His journey — chronicled in the documentary Soul Of America — was a long and arduous one.  During its production, Charles didn’t even know how to read.  But what’s so remarkable about the man isn’t that he’s been through so much, but how he has remained unwavering as one of the most optimistic and positive individuals that I’ve ever seen despite all of it.

As usual, Bradley‘s backing band, The Extraordinaires, took the stage to warm up the crowd, before the front man entered in a matching ensemble of shimmering discoball-esque shoes, pants, and a coat with black “fur” accents.  Throughout the set, he always remains the consummate entertainer, removing his coat, spinning around, gyrating his hips, and even doing the robot.  One of his trademark moves is to throw his mic stand forward and yank it back with the mic chord.  Another involves dropping to his knees and hoisting the stand onto his shoulder to simulate the lifting of a heavy burden.  At the midway point, he left the stage while the band continued to jam, only to return dressed in a gold Egyptian themed outfit, complete with a massive Sphinx belt buckle replacing the one of a rhinestone skull he was sporting previously.  The only time he seemed to rest at all was during his cover of the classic Ozzy Osborne ballad, “Changes.”  Seated on a wooden stool, he dedicated the beautifully affecting rendition to his late mother, as well as his friend and label mate, Sharon Jones, who past away last year after losing her battle with cancer.  The show ended with him distributing a bouquet of roses to the audience, while expressing his love for us with an overwhelming level of sincerity; a sentiment which was reciprocated in volumes by everyone attendance.

Charles himself has been dealing with some serious health issues as of late, and I wasn’t sure if he would even make it to Pickathon this year.  In fact, he has since had to cancel additional dates after the festival due to being treated for colitis.  That being said, you would never know that he wasn’t in prime condition based on the performance that he put on, not to mention the fact that he followed it up the next night on another stage in the Woods.  No matter how many times I see him, his showmanship is always on point, with Bradley giving every ounce of himself to the audience every single time he hits the stage.  Now almost 70 years old, one has to wonder how much longer the man can continue to perform, let alone at this level, but one thing that can never be questioned is his appreciation for every opportunity and moment that he’s had as an entertainer.  It’s something that he truly exudes with every fiber of his being.  If you have an opportunity to witness Charles Bradley live, TAKE IT.  His vocals feel as if they originate from the deepest depths of his soul, filtered through every hardship that he’s overcome, and I guarantee with complete confidence that you will never see anyone more heartfelt or give more of themselves as an artist.  His shows are as powerful as they are, because you always know that he means it.  How often do you get to see a concert where there are tears coming from both the performer and the crowd?  It would be a more heart-wrenching display, if the experience wasn’t overshadowed by how inspirational the man is.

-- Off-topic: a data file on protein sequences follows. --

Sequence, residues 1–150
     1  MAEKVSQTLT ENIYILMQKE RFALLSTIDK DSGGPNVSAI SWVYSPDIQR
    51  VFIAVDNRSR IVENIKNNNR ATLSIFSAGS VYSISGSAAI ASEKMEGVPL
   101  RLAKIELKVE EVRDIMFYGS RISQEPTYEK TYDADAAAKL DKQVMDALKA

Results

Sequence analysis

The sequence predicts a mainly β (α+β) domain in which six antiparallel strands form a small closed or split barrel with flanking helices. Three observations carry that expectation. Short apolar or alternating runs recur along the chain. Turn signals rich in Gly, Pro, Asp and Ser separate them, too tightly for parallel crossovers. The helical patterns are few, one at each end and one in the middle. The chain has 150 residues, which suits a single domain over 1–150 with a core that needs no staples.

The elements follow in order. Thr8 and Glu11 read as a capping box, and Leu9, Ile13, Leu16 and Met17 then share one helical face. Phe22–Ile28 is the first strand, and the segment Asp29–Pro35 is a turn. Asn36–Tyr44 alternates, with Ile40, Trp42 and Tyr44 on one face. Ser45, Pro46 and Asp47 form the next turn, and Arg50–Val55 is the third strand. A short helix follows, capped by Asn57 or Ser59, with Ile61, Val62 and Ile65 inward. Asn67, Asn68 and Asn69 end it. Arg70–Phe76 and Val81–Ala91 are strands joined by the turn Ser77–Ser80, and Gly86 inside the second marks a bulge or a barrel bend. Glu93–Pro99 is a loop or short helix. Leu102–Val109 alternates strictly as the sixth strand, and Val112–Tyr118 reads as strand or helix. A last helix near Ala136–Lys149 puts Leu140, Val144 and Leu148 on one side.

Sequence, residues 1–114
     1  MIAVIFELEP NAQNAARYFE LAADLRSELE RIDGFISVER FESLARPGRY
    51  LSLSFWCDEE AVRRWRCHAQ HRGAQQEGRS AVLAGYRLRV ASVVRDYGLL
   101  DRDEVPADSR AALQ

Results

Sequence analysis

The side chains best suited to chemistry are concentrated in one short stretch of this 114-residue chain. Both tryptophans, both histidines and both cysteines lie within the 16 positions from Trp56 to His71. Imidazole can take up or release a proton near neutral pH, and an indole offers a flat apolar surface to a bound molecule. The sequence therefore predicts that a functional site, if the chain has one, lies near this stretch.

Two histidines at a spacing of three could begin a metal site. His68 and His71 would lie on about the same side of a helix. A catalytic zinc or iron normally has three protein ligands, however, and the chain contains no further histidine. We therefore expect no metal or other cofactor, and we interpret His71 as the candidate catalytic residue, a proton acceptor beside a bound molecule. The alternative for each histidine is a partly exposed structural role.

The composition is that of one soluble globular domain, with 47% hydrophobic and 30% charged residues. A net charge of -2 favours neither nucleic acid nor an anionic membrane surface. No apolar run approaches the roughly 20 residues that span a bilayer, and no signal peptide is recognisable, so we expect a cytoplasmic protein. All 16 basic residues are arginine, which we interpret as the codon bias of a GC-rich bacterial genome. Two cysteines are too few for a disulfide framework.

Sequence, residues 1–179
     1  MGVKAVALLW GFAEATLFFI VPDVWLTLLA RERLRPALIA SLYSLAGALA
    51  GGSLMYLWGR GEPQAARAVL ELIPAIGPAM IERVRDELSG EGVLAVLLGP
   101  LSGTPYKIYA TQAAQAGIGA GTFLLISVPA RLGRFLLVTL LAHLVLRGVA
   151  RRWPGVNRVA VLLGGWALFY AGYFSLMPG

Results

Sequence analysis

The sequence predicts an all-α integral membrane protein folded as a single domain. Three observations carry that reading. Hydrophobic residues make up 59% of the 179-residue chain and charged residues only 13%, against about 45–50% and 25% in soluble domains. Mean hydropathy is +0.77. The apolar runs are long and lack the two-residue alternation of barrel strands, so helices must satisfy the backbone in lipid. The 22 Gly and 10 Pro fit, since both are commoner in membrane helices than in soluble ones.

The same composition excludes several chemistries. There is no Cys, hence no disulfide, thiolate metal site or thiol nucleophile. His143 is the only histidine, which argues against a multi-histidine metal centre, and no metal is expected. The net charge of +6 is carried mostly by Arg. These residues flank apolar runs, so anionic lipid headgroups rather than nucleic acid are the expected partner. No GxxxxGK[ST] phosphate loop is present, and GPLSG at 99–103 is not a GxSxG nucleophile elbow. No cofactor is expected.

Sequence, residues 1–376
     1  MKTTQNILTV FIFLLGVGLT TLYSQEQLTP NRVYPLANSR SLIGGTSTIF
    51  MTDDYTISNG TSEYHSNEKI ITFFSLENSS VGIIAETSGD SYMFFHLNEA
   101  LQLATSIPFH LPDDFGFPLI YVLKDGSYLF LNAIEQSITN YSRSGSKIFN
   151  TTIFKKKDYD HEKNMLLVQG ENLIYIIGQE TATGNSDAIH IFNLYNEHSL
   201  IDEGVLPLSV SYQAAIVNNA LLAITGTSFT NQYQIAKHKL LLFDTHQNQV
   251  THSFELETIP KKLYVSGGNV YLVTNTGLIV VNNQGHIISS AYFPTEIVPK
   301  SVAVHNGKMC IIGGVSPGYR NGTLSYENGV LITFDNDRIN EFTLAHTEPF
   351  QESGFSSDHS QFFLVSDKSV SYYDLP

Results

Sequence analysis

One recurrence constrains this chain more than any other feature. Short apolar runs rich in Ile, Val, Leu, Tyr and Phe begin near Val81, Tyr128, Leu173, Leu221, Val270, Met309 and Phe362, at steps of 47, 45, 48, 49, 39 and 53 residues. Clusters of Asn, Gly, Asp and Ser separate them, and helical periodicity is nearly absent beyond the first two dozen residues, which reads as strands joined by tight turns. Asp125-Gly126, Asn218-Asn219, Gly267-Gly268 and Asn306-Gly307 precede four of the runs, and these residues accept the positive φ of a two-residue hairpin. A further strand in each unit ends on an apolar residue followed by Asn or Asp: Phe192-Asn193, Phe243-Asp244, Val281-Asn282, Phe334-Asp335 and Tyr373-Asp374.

We love you Charles.  You’re a model of hope and determination that makes us feel as if we could be better people; perhaps, even that we are already.  Please take care of yourself and get better.

The perimeter of the main area which includes the Mt Hood Stage is lined with various vendors, a selection of high quality food options positioned toward the back.  The entire environment is completely devoid of any corporate intervention.  There is a major focus on sustainability and, due to some very thoughtful organization, this place is virtually trash free; something unheard of at a major music festival.  I make sure to mention these aspects every year when I review the festival, not only because they are so innovative and unique to Pickathon, but because they are so vital in directly affecting the general attitude and experience.  In fact, here’s a quick cut and paste excerpt from last year’s coverage breaking down how the food system operates to support their aims.